Nikurasu Vor Tag
Niederländisch ist ein durch keinen Druck von Verständnis mit anderen Deutschen übergebliebener Deutscher Akzent.
Sanne van Gend
I'm gonna nitpick :P Actually, from 1588 until 1795 there was the Republic of Seven United Netherlands. Some of our current government institutes come from that era and the map looks very similar. From 1795 until 1815 we had this nonsense with Napoleon and the French but in 1815 the country was reinstated, this time as a constitutional monarchy and that's what we still are today. So yes, there was a Netherlands.
Cthulhu Fhtagn
... denn wir sind, wir sind, ein Magdeburger Kind :D
Dutch is more similar to English
Jump... nothing to do with borrowing. Like he said English is a Germanic based Language
MacX85 Vor Tag
Still, there is no similarly sounding word to "jump" in the German language. So, it is most likely borrowed.
Robert O.
Robert O. Vor Tag
Doug isn‘t convincing when he speaks the language. It doesn‘t sound like it is something that he actually speaks on a daily basis. I think he learned it and that is just my opinion. I would also wager that it is almost extinct.
Oscar Mannhein
It is not almost extinct. It was endangered 30-yrs ago as the non-sectarian population that spoke it aged and died out. In the last 20-yrs the segment of the PA Dutch speaking population which was dying out have already gone, and the segment of the population which was growing have become the majority of the speakers today so that the language is no longer fading, but growing.
Markus Amshoff
de.m.wikipedia.org/wiki/Deutsch_in_anderen_Sprachen www.genealogieonline.nl/de/carlisle-faulk-family/I110011.php
Hanz Öspel
Hanz Öspel Vor Tag
There are some "cool" dialects whitch are common to speek, bayrisch (Bavaria), and Kölsch (colone), if There is a lokal Event. IT is possible to understand local speech all over germany with a good high German(maybe exept of some lokal Words) . In some Regions you need to speek the local German if you want to work with locals (lower saxony (platt)) maby as an Electrition, to be able to under stand and talk to old people. Keep in Mind : in 1700 only a few parts of Germany Would bei able to undestand each other. Today a language Barrier does Not exist any more.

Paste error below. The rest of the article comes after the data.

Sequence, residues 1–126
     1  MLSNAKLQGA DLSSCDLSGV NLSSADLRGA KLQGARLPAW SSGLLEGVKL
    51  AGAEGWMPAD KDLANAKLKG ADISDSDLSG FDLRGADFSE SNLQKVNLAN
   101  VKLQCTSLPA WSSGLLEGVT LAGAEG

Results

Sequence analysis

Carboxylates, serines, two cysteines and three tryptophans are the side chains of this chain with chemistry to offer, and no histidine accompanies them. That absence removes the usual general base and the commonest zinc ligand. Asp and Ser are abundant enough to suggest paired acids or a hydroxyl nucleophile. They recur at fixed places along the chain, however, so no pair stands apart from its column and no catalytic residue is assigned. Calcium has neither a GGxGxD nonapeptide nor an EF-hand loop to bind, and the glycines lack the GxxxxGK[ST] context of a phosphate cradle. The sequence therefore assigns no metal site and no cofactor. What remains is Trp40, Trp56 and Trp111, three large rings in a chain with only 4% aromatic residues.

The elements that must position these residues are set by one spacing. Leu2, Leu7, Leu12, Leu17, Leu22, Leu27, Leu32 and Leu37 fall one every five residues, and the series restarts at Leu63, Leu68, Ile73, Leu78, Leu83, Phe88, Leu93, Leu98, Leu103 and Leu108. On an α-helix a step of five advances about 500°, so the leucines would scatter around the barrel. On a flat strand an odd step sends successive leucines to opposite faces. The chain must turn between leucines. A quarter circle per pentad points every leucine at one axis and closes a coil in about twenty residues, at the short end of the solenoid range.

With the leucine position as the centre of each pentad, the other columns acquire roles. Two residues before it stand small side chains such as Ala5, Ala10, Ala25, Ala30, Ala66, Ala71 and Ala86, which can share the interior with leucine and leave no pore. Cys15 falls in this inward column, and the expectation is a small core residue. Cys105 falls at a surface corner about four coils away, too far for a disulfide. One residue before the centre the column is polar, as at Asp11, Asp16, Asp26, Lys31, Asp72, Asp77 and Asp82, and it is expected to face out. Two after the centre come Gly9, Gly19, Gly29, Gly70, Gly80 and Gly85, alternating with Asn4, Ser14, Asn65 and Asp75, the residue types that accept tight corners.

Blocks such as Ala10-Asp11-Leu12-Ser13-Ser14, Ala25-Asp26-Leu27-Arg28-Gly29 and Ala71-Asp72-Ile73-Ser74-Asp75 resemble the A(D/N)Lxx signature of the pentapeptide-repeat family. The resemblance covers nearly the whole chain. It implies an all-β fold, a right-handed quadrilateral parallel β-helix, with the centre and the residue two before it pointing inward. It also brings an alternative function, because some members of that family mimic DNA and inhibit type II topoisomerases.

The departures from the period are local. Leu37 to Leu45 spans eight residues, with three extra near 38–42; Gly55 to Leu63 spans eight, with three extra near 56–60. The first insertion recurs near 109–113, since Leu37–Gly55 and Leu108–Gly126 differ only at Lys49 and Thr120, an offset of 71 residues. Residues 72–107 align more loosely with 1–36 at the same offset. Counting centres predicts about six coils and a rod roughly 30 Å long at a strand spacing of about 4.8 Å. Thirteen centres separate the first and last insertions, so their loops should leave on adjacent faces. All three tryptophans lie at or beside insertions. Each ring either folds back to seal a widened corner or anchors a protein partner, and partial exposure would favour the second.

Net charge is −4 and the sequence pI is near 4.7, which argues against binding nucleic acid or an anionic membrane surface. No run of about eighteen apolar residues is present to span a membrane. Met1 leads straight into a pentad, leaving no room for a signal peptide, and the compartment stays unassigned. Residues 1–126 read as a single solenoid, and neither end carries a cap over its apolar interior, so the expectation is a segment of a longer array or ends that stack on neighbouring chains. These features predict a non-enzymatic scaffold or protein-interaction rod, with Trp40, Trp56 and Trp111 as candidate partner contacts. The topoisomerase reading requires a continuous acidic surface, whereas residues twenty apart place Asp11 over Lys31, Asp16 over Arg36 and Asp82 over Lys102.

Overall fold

MacX85 Vor Tag
It's not that hard to learn to understand other dialects when all you know if Standard German. Speaking them might be a different issue. It's not like learning an entirely new language.
Tubmaster 5000
I've heard that the Canadian accent is influenced by Pennsylvania dutch. Apparently some United Empire Loyalists were from that group.
john doe
john doe Vor Tag
die Pfälzer haben schon einen starten Dialekt, aber ich bezweifel, dass sie ihn verstehen. Kann könnt ihr ja mal schreiben...
Thomas Klein
Thomas Klein Vor Tag
Interesting. Sounds like the amish come from the aleman / baden wurtemberg area according to the diminutive suffix -li
I am from Rhine-palatinate near Hessen and Baden-Württemberg. This is so funny and fascinating.
Tymuel Vor Tag
Very intereseting to hear this version of german, never heard of Pennsylvania Dutch before. Greetings from northern Germany.
"Mein Bruder springt..." in swiss german, running is also "springen" and "gumpen" is to jump , (springen in standard German).
Jigga jok
Jigga jok Vor Tag
Im Amerikanischen englisch gibt es ganz viele deutsche wörter,"Kindergarten" ist wohl eins der bekantesten...oder Stier
Jigga jok
Jigga jok Vor Tag
+MacX85 "Borat goes south"heisst die folge,neeh kommt von denn Deutschen die dort Leben...ist ja auch in Texas.
MacX85 Vor Tag
+Jigga jok Könnte auch ein Boratism sein :D ka
Jigga jok
Jigga jok Vor Tag
+MacX85" throw it at the Stier"das hab ich glaub bei "Borat"als er sich als Cowboy versucht gesehen,die folge sollte im DE-vid sein.
MacX85 Vor Tag
"Stier" hab ich noch nie im Amerikanischen gehört. Was wäre der Zusammenhang? Die Amis sagen häufig "Spiel", meinen damit aber eher so etwas wie eine Masche. "Don't gimme that spiel"
FreedomIsTheGoal Vor 2 Tage
14:45 its not that we dont speak our dialect anymore. put a 20 year old from each region in a room, you will see, they will understand each other, but pronounciation is complete different. especially the south has lots of words no other german ever heard of. berlin dialect is also different from the dialect in cologne. and its still like that today. like i said, vocabulary is melting but there are still many differences. and then there are the different ways of pronounciation.
MacX85 Vor Tag
+FreedomIsTheGoal "Ein Paradebeispiel kann ich aus meiner Heimatstadt bieten. "Au Hur" und "Och Herrm" oder "au banan" benutzt hier jedes Kind. Im Rest Deutschlands sind diese Ausrufe gänzlich unbekannt." Da haste Recht :D Keine Ahnung, was das heißt. "Von einem Akzent spricht man meiner Meinung nach eher bei Nicht-Muttersprachlern." Ich glaube nicht. Aber die Übergänge sind sicherlich fließend.